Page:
How many years do you get for Grand Theft Auto?

Grand Theft Auto Charge in Texas

The chief defenses for grand theft auto charges involve consent (you had permission to use the vehicle) and intent (you did not mean to keep the vehicle). It can be difficult to demonstrate your credibility in the state of Texas, but a skilled team of theft defense lawyers is up to the task. Contact us right now to speak with someone who actually cares about the serious charges you face and has the means and knowledge to assist you.

What do grand theft auto charges in Texas mean?

The state of Texas divides auto theft into the following categories:

  • Car Jacking: taking a car from the driver by force or threat of force.
  • Joyriding: operating a motor vehicle without the owner’s consent with the intent to return it.
  • Failing to Return a Rental Car: abandonment or refusal to return property.
  • Grand Theft: the unauthorized taking of another person’s vehicle with the intent to permanently deprive the owner.

It makes no difference whether you took the vehicle by force, deception, or false pretenses, according to the definition of grand theft auto. The immediate presence of the vehicle’s rightful owner distinguishes carjacking from grand theft auto accusations. When an automobile is parked in a garage, lot, or on the street, it is considered grand theft auto. Convictions for carjacking can result in three to nine years in state prison and up to $10,000 in fines.

Texas law imposes severe penalties for auto theft.

Auto theft is frequently referred to as a “wobbler” offense, which means that it can be classified as a felony or a misdemeanor depending on the circumstances. The majority of stolen autos are classified as state jail felony charges, which include goods worth between $1,500 and $20,000, or as a felony of third-degree theft, which includes property worth between $20,000 and $100,000.

  • Penalties for state jail felony theft range from 180 days to two years in prison, plus a fine of up to $10,000.
  • The penalties for felony third-degree theft are two to ten years in jail and a fine of up to $10,000.

When high-end vehicles such as Lamborghinis, Aston Martins, Ferraris, Bentleys, and Bugattis are stolen, a felony of first-degree theft charges may be filed, with penalties ranging from five to 99 years in prison and fines of up to $100,000.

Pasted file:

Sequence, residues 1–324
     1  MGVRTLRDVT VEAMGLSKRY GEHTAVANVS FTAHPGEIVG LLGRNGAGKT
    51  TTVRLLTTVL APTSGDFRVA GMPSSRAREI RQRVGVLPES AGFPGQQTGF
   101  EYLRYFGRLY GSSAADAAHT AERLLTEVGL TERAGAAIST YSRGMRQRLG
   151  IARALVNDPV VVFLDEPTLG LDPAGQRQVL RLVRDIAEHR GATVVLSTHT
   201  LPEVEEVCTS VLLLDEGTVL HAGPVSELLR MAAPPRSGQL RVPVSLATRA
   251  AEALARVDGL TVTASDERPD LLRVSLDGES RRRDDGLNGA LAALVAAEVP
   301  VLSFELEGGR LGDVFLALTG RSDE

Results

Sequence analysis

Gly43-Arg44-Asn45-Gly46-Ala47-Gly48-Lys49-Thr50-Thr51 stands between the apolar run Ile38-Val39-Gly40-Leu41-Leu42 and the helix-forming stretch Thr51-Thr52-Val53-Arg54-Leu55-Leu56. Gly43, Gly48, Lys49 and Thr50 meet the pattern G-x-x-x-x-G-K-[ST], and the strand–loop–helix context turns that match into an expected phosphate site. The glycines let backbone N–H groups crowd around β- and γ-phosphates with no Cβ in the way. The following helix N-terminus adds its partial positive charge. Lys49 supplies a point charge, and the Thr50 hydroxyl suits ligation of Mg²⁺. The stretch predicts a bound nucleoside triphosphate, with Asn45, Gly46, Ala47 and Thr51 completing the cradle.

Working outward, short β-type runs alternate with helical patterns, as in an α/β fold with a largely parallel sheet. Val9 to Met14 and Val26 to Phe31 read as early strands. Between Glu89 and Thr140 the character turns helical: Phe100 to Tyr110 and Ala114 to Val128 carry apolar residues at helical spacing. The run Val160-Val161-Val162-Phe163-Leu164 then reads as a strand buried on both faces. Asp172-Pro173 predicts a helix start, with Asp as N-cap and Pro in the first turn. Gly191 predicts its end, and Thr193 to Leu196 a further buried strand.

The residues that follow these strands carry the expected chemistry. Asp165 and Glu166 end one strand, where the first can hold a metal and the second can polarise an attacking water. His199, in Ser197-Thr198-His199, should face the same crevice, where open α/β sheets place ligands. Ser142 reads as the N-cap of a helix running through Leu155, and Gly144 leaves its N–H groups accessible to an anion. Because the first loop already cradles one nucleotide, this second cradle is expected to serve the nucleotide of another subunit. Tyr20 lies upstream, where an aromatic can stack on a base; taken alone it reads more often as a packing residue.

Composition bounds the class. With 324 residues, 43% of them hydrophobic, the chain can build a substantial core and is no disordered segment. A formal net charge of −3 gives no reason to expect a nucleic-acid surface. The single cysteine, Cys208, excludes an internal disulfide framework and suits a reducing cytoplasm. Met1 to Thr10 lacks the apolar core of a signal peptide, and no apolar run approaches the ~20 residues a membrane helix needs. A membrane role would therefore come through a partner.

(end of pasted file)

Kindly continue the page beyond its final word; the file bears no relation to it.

In addition to criminal consequences for grand theft auto in Texas, you may face civil fines under the Texas Theft Liability Act, which allows victims to recover up to $1,000 in cash as well as compensation for the vehicle’s retail value if it is not returned in sellable condition. If you commit this felony as a minor, your parents may be held liable for up to $5,000 in restitution for actual damages.

Auto theft Texas statutes

It is prohibited in Texas to remove property that does not properly belong to you without the owner’s explicit consent, and taking a vehicle is no exception. The Texas legislature has no particular provisions concerning auto theft or auto burglary. This type of general property crime is addressed by Texas Penal Code Sec. 31.03(a), which states that theft occurs when an individual “unlawfully appropriates property with the intent to deprive the owner of the property.”

In Texas, theft charges are classed and prosecuted based on the value of the property stolen. In other words, the more valuable the stolen vehicle, the harsher the punishment. If there are aggravating factors or a history of previous offenses, the final sentence will reflect this.

Under the provisions of Texas Penal Code § 31.03, an individual can be charged with auto theft if:

  • They knowingly took a vehicle they did not own
  • They took a vehicle knowing it was stolen
  • They operate a vehicle without the owner’s permission
  • They fail to return a rental vehicle

Impact of prior Texas grand theft auto charges

If you have a prior grand theft auto conviction – or any theft conviction – the gravity of your crime will be automatically increased to the next most serious level. Because of this, if you stole a jalopy valued at less than $1,500, you’d face a state jail felony rather than a Class B or Class A misdemeanor. Worse, Texas is one of the few states with a draconian “Three Strikes Law,” which requires life in prison for anyone convicted of three felony felonies, including theft. If you’ve been charged with a theft felony, you should obtain legal assistance from a diligent attorney who is compassionate and knowledgeable.

When it comes to carjacking or grand theft auto, you need the proper criminal defense lawyer on your side.

Additional resources on grand theft auto charges in Texas:

  2. National Conference of State Legislatures, Auto Theft & Carjacking State Statutes

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